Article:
BROOKFIELD – A well-known and loved hockey name in Brookfield is taking over the community’s junior B hockey team.
Hughie Matheson was recently named head coach of the Brookfield Elks after the team sent Kevin Harvey packing for guiding the club to a 12-9-1-1 record.
“I’m just going to try to instill my style of hockey on them,” Matheson, a 73-year-old Brookfield resident said. “I like to have everybody skating.”
Matheson boasts an impressive, albeit dated, coaching resume which includes leading the Truro Bearcats to seven provincial junior titles in nine seasons in the 1970s. He also coached Nova Scotia to a pair of Canada Games silver medals in hockey in 1975 and 1979 and was at the helm of the Elks senior men’s softball team which won a national title in 1980.
He was inducted into the Nova Scotia Sport Hall of Fame in 2004.
The Elks stumbled out of the gate to a 1-5 start this season. However, the team turned things around and used an 11-4-1-1 run to mount a charge up the Fred Fox Division standings and put themselves well into playoff contention.
The charge was aided by a deal the Elks made to acquire forwards Geoff Burke, Liam Carr and Devon Muir from the Cumberland County Blues on Nov. 26. The Elks were 6-6-1-1 at the time.
But an 8-2 drubbing from the Valley Maple Leafs on Jan. 8 seems to be what prompted general manager Joel Dawe to relieve Harvey of his duties. It was his last game behind the Brookfield bench.
“We made some moves to make this our year,” Dawe said. “And the team we assembled, we didn’t think we were reaching our full potential. We just weren’t happy with the results. We expected more.”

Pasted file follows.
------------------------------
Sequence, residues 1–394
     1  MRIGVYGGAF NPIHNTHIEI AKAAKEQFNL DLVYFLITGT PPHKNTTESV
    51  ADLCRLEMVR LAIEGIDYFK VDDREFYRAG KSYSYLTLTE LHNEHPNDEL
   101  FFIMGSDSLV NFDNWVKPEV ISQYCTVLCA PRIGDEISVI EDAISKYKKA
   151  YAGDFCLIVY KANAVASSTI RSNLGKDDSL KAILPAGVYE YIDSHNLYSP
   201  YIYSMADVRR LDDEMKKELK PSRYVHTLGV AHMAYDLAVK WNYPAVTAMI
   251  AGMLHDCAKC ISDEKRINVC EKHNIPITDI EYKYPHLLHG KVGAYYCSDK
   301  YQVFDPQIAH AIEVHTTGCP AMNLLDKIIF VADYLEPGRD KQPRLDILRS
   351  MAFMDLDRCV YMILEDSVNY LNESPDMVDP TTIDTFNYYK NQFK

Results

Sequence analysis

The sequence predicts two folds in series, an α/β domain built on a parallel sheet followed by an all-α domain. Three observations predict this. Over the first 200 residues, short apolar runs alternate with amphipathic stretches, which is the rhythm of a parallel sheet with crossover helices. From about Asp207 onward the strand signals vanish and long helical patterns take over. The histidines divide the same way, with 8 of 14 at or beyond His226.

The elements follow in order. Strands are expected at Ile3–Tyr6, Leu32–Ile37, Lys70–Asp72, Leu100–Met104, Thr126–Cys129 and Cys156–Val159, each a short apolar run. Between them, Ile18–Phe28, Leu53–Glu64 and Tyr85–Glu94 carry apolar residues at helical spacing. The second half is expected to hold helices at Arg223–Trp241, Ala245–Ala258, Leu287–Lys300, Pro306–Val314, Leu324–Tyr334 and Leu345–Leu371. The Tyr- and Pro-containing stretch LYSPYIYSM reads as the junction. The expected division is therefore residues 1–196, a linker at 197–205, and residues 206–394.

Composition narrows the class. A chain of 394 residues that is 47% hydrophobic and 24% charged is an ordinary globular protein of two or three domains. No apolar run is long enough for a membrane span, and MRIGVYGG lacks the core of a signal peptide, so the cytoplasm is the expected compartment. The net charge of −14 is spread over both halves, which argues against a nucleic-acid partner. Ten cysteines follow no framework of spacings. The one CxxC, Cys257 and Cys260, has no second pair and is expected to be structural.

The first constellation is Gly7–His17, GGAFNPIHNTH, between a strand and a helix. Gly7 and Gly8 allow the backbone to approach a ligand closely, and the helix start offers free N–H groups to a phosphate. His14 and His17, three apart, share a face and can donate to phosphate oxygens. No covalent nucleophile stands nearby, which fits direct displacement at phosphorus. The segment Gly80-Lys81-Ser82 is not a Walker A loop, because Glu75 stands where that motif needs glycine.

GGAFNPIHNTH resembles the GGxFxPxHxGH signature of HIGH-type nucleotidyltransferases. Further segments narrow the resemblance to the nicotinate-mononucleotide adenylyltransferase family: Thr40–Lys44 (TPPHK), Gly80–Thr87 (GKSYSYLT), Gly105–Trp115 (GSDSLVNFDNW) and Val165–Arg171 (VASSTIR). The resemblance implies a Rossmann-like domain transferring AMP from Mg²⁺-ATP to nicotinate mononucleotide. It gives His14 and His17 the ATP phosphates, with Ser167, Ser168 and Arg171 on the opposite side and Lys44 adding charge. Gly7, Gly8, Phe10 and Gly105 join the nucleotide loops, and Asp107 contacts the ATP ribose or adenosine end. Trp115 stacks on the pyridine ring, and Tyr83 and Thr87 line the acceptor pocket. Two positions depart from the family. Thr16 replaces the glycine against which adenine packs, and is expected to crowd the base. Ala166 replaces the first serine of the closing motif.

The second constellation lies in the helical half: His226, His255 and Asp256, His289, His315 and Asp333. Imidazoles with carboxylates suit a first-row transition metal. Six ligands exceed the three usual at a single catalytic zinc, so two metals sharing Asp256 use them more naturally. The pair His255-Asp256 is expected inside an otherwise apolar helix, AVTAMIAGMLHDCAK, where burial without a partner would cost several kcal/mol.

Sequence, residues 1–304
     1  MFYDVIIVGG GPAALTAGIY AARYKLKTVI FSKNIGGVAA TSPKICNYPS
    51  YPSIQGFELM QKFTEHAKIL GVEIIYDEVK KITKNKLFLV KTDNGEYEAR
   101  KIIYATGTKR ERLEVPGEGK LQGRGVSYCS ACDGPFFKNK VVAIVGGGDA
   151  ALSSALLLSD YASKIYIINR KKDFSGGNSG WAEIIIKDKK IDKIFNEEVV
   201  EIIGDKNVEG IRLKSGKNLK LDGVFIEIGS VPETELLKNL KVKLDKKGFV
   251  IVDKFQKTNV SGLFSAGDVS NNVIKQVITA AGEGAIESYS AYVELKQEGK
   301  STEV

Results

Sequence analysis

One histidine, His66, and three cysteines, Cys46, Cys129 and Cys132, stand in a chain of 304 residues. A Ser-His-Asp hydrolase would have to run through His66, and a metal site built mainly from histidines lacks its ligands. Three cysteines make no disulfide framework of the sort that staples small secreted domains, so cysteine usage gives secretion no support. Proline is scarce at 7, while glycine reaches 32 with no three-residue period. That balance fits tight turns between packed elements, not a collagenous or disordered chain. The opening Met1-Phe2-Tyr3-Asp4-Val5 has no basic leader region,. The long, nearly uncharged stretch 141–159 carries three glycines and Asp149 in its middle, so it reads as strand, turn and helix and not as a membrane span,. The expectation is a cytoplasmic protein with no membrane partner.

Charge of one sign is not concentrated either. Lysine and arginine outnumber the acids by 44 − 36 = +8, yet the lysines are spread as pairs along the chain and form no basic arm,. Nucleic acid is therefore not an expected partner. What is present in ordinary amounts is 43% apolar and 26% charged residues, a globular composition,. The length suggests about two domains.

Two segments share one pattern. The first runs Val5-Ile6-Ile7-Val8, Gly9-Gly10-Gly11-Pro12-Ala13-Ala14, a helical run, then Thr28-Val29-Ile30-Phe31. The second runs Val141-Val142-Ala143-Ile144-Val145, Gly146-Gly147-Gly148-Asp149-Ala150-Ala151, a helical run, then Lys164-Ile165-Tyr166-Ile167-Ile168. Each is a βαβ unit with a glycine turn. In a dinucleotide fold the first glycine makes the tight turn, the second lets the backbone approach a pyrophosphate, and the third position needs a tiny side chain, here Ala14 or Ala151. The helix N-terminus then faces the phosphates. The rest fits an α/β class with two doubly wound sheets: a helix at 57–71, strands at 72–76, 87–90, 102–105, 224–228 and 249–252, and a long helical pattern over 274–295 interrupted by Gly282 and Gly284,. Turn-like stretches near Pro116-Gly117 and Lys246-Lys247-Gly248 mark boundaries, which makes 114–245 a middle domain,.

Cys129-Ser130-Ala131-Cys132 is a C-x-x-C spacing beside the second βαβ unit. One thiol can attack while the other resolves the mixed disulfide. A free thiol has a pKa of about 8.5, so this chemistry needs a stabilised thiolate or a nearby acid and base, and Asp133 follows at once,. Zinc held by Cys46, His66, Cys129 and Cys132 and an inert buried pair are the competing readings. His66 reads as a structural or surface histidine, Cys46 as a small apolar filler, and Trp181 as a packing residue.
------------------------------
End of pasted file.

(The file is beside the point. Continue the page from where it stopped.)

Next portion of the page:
The Elks are 2-0 under Matheson. Brookfield hosts the Pictou County Scotians tonight at 7:30 p.m. at Don Henderson Memorial Sportsplex.
Although Harvey said he feels the team was playing well, he understands Dawe’s decision.
“That was through my eyes but that’s part of the game and if management isn’t getting what it expects then they have the right to make that decision,” he said.
Harvey said he holds no hard feelings toward the club and will be pulling for his former players for the rest of the season as he contemplates his options.
“I hope they continue on and accomplish the goals we set out as a team at the beginning of the year.”
Although he hasn’t coached a hockey team since the 1979 Canada Games, Matheson said he doesn’t feel he’ll be preaching outdated techniques to his players.
“The only difference I see is that instead of showing them I’ll have to tell them,” he said. “The game hasn’t changed that much in my opinion. It’s still played on a sheet of ice.”
Dawe said he was also confident in his decision.
“He’s arguably the best junior coach in Nova Scotia history,” he said. “He has a simple philosophy; work hard and be accountable. He gets the most out of his players.”